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This is a self-funded case study using our ad testing solution.
As we fast become consumed by the holiday season, with it comes the associated avalanche of advertising. Brands from every waking category are all looking to outdo one another in the festive sweepstakes, which naturally means finding new and creative ways of standing out.
Enter Ocean Spray, who has come to the party and tackled the holidays in a manner which can only be described as delightfully absurd.
If you haven’t yet had the pleasure of viewing Power Your Holidays, you should — it’s certainly a doozy. What starts out as a monotonous family dinner takes an unexpected turn, as Ocean Spray’s Jellied Cranberry Sauce becomes the star attraction. The guests quickly become entranced by the jelly’s fidgeting state, struggling to control their bodily functions as they instinctively start mirroring the product’s mesmerizing convulsions.
It begs the age-old question: Does advertising need a ‘message’ (in the traditional sense) in order to work? Or can fun, provocative, and irreverent advertising be just as effective at delivering both short- and long-term brand outcomes? Using our 3Cs framework, we tested Power Your Holidays to find out the answer.
In the same way the dinner guests were mesmerized by the squirming jelly sauce, viewers at home were similarly spellbound by the ad’s quirkiness. People were left in raptures following the swift transition from glum to exhilaration, finding the characters’ gyrations (and appropriately titled Wiggle Wiggle, Jiggle Jiggle soundtrack) highly memorable. While the odd series of events unsurprisingly rubbed some people up the wrong way, by-and-large the amusing storyline left the majority feeling happy and excited.
Equally important to an ad standing out and grabbing people’s attention is creating a set of memory structures which clearly link to the brand. Ocean Spray’s role throughout the ad proved unmistakable, with its distinctly colored cranberry sauce the star of the show. More specifically, the product was the trigger to the wacky events which ensued — which is an important mechanism for ensuring the brand will be encoded in people’s memories. (You can read more about the ‘brand hero’ concept here.) While the ad’s irreverence was considered somewhat of a departure from the brand’s typical style, people did still consider it a reasonable fit with Ocean Spray.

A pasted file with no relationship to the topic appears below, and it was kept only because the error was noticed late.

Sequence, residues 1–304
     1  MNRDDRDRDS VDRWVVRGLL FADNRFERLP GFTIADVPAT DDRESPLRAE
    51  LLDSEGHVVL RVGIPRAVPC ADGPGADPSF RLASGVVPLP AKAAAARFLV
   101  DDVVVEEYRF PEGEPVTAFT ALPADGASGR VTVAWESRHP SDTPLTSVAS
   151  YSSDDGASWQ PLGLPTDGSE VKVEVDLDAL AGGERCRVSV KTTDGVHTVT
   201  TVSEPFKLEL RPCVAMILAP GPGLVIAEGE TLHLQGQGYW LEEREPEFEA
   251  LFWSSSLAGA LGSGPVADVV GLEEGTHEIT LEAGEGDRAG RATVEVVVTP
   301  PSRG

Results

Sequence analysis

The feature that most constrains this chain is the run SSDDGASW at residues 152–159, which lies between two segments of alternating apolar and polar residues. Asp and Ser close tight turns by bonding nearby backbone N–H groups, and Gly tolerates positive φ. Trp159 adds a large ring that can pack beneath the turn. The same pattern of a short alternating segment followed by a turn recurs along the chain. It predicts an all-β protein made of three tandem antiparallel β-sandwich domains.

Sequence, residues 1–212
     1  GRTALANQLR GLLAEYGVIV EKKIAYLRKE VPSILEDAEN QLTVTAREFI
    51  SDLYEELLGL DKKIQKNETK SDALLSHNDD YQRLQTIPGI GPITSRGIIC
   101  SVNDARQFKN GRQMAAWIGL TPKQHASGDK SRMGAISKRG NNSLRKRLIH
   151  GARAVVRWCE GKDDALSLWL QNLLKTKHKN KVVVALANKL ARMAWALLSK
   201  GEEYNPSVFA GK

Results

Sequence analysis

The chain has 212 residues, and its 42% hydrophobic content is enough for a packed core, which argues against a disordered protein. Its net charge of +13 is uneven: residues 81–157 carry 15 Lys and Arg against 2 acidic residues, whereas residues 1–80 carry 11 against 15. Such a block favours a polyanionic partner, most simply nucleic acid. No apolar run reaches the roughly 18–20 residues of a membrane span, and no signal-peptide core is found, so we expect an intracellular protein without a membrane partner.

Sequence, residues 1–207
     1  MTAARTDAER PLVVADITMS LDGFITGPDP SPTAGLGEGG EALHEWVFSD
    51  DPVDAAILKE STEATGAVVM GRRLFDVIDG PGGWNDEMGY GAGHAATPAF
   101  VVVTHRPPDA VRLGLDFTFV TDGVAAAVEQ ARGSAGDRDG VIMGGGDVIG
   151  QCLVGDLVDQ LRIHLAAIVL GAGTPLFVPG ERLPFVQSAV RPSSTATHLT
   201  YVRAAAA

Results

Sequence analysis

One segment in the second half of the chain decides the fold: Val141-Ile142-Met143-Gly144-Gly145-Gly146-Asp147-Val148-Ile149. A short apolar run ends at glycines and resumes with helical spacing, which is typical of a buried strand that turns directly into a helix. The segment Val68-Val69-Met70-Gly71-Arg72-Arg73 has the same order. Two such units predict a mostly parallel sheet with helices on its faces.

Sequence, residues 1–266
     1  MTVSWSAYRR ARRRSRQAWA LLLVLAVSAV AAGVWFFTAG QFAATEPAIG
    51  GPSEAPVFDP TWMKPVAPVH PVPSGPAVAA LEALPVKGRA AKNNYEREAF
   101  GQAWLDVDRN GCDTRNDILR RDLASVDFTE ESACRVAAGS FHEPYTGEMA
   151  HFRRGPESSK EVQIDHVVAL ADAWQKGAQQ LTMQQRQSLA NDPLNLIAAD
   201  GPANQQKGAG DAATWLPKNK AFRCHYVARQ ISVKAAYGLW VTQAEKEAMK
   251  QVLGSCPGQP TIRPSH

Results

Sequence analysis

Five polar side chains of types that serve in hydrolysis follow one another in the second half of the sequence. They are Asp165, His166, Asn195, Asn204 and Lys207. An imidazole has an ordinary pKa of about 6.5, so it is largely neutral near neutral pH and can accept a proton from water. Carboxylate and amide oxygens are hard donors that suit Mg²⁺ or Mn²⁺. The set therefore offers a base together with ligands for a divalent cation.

What the ad lacked in rational arguments it certainly made up for in the emotional department. By positioning the brand as the life of the party and something which could Power Your Holidays, Ocean Spray was considered to be both fun and a suitable companion to holiday dinners. Together with the quirky approach to delivering this message, the ad successfully crafted a point of difference for Ocean Spray and ultimately strengthened predisposition toward the brand.
Does advertising need to communicate a rational message in order to work? It’s a question we often get asked, and one for which there unfortunately isn’t a black and white answer.
Many have (with great success) gone down the path of prioritizing information or a rational reason-to-believe with the goal of triggering a behavioral response. Equally, Ocean Spray’s Power Your Holidays proves that focusing on an emotional impression can be just as — if not more — effective at building favorable predisposition.
Crucial to the ad’s success was tapping into a multitude of success factors identified in our recently launched Creative Effectiveness Playbook, a 12-chapter series revealing the levers available to advertisers for achieving creative glory.
While the silly story could’ve been easily misconstrued as just that — silly — it instead successfully leveraged the simplicity and relatability of family gatherings often being stale and lifeless. By transforming the status quo in a humorous way, Ocean Spray was able to deliver effectiveness, performing strongly across all the 3Cs.